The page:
Boulder Go Club celebrates 15 years teaching Chinese strategy game

Enthusiasts of Go, the Asian strategy game, gather every Sunday in the children‘s area of the Boulder Public Library to play and teach newcomers the simple rules to what can be a complex game.

Paul Barchilon and Dave Weiss started the club, held at the main branch of the Boulder Public Library, 15 years ago and continue to run it as volunteers. The club meets from 2 to 6 p.m. on Sundays.

“We wanted to get more kids interested in playing,” Barchilon said.

The first year, he said, only a handful of kids attended. But it has since grown to 20 to 40 participants at each session.

Weiss added that there was renewed interest in the ancient game after Google‘s AlphaGo AI finally beat one of the top rated human players three years ago, then the next year beat the human GO world champion.

Rhys Boerner, 14, plays Go with David Weiss on Sunday at the Boulder Public Library. Weiss is a co-founder of the Go Club, which celebrated its 15th anniversary Sunday. (Photo by Amy Bounds/Staff Writer)

The object of the game is to cover the most territory with the game pieces, called stones, and to capture your opponent‘s stones.

Weiss said it‘s easier to learn than chess because the rules are simpler, plus there are smaller boards for beginners and intermediate players.

The game also allows for a starting handicap — the weaker player can place up to nine pieces of the board at the start of the game — to improve the games between players at different levels.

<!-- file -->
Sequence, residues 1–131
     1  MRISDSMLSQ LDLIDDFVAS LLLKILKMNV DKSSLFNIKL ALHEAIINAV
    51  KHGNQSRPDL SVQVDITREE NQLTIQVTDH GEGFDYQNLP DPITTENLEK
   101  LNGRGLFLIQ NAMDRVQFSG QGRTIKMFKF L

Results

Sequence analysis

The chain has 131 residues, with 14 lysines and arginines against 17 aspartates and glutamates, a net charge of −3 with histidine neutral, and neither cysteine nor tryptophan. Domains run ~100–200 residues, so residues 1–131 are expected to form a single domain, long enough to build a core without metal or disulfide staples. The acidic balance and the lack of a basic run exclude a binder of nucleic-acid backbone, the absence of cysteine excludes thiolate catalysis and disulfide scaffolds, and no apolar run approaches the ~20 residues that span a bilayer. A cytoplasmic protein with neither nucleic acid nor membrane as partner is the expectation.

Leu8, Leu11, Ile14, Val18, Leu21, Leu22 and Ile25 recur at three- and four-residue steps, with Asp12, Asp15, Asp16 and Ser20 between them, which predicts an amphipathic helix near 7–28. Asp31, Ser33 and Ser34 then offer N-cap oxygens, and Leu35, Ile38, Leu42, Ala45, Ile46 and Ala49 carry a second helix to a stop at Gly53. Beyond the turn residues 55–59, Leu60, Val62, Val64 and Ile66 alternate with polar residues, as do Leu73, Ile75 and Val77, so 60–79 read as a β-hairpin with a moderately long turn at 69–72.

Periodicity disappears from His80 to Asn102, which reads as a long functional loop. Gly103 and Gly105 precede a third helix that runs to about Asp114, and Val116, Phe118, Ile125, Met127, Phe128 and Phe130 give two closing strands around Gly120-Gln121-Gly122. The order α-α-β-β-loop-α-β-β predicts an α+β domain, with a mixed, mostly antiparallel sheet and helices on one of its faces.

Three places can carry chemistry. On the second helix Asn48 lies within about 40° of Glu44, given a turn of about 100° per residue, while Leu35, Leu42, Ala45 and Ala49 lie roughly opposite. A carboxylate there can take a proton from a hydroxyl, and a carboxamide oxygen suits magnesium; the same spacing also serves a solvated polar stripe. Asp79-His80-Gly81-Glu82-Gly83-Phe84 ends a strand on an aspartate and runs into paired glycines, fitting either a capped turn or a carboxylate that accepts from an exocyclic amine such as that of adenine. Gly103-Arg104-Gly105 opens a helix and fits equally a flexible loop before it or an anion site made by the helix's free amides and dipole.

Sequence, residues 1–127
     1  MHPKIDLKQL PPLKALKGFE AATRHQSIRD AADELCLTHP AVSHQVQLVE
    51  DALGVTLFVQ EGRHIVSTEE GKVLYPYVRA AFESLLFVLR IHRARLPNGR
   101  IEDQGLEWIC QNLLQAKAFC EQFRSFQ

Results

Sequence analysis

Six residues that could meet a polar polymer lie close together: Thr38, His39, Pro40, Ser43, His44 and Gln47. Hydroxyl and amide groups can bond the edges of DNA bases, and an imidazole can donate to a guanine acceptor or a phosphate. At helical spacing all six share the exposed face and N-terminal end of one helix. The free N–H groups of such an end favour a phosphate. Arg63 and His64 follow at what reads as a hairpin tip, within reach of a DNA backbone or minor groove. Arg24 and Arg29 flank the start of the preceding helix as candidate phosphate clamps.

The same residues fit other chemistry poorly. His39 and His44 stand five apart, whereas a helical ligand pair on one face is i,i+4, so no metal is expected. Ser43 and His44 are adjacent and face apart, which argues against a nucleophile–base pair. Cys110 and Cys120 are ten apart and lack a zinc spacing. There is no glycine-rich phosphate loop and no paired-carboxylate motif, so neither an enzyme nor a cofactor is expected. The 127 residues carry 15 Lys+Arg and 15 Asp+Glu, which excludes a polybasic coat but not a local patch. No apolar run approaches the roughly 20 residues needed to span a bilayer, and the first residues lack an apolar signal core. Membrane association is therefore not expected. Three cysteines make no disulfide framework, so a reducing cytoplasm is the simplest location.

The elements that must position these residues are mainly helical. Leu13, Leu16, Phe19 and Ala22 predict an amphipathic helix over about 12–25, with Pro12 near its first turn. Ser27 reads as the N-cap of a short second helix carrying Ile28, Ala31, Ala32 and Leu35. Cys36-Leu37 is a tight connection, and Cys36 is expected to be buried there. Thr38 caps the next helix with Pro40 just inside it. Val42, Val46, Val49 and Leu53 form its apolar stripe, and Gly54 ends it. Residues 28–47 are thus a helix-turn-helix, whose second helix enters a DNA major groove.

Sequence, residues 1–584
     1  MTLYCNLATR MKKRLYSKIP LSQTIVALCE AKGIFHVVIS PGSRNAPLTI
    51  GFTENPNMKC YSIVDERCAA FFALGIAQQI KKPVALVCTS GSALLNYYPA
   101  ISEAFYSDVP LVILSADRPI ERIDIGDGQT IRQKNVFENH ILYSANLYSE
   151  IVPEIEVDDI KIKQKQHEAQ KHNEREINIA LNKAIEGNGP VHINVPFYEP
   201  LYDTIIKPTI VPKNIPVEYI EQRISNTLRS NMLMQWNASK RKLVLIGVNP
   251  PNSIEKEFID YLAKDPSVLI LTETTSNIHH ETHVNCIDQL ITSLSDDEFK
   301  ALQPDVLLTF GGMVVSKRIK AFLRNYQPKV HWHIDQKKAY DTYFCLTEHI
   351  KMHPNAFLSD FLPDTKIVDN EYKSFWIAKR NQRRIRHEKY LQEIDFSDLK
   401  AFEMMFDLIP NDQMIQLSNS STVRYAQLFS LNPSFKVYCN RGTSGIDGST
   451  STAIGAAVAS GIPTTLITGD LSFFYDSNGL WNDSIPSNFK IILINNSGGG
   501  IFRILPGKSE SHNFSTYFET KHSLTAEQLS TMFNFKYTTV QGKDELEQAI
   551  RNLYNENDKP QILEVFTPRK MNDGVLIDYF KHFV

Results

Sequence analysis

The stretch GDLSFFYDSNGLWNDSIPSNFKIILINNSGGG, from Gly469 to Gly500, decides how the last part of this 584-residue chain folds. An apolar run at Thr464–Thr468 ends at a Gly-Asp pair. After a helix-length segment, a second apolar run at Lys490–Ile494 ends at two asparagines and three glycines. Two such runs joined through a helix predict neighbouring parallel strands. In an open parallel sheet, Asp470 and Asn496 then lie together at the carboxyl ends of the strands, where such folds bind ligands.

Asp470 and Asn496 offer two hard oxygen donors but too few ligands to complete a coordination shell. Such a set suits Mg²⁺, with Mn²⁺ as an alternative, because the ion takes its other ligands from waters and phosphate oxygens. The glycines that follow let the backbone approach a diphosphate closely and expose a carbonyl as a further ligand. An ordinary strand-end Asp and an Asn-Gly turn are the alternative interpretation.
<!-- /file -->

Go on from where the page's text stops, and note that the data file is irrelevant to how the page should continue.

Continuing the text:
“It doesn‘t matter if a kid wins or loses,” Weiss said. “The important thing is they play.”

While the club is aimed at kids and teens, adults also are welcome.

Playing in the club is a joint activity for Boulder‘s Andreas Boerner and his 14-year-old daughter, Rhys. He started playing the game in college in Germany, noting it has been a good way to meet new people as he moved around.

“If I came to a new city, I would check out the Go club,” he said. “It‘s a good way to meet new people in a new place.”

Rhys, who started playing three years ago with the Boulder club and also competes in tournaments, pointed out that she can now beat her dad.

“When you get better at it, you understand the game much better,” she said. “I like the movement. There are all these shapes that connect together.”

John Mcalister, of Fort Lupton, first brought his two children to the Boulder club 10 years ago so they could all learn the game. Now that his children are grown, he‘s still a club regular as both a player and volunteer teacher.

“I can find people closer to my level to play and introduce the game to new players,” he said.

While the rules are easier to learn than chess, he said, there are many more combinations of moves, making it a more open ended and subtle game.

“Chess engages a lot of tactics and fighting, but there‘s not as much of that in Go,” he said. “You can win the battle, but lose the war.”

Jimmy Wu was 13 when he taught himself to play in China, motivated to improve by a friendly competition with a classmate.

“We could play for hours and hours,” he said. “It really develops mental capacity.”

He stopped playing much after his son, Kevin, was born six year ago, but brought Kevin to the club Sunday with the hope the he would develop an interest.

“It‘s hard to teach him myself,” he said. “Kids play better with other kids.”

Emil Meng also brought his 6-year-old son, Alfred, to the club on Sunday so they both could play.

“It helps build your ability to logically look ahead,” Meng said, adding that the recent AI developments renewed his interest in a game that he had played as a hobby in college. “It really develops your spatial sense.”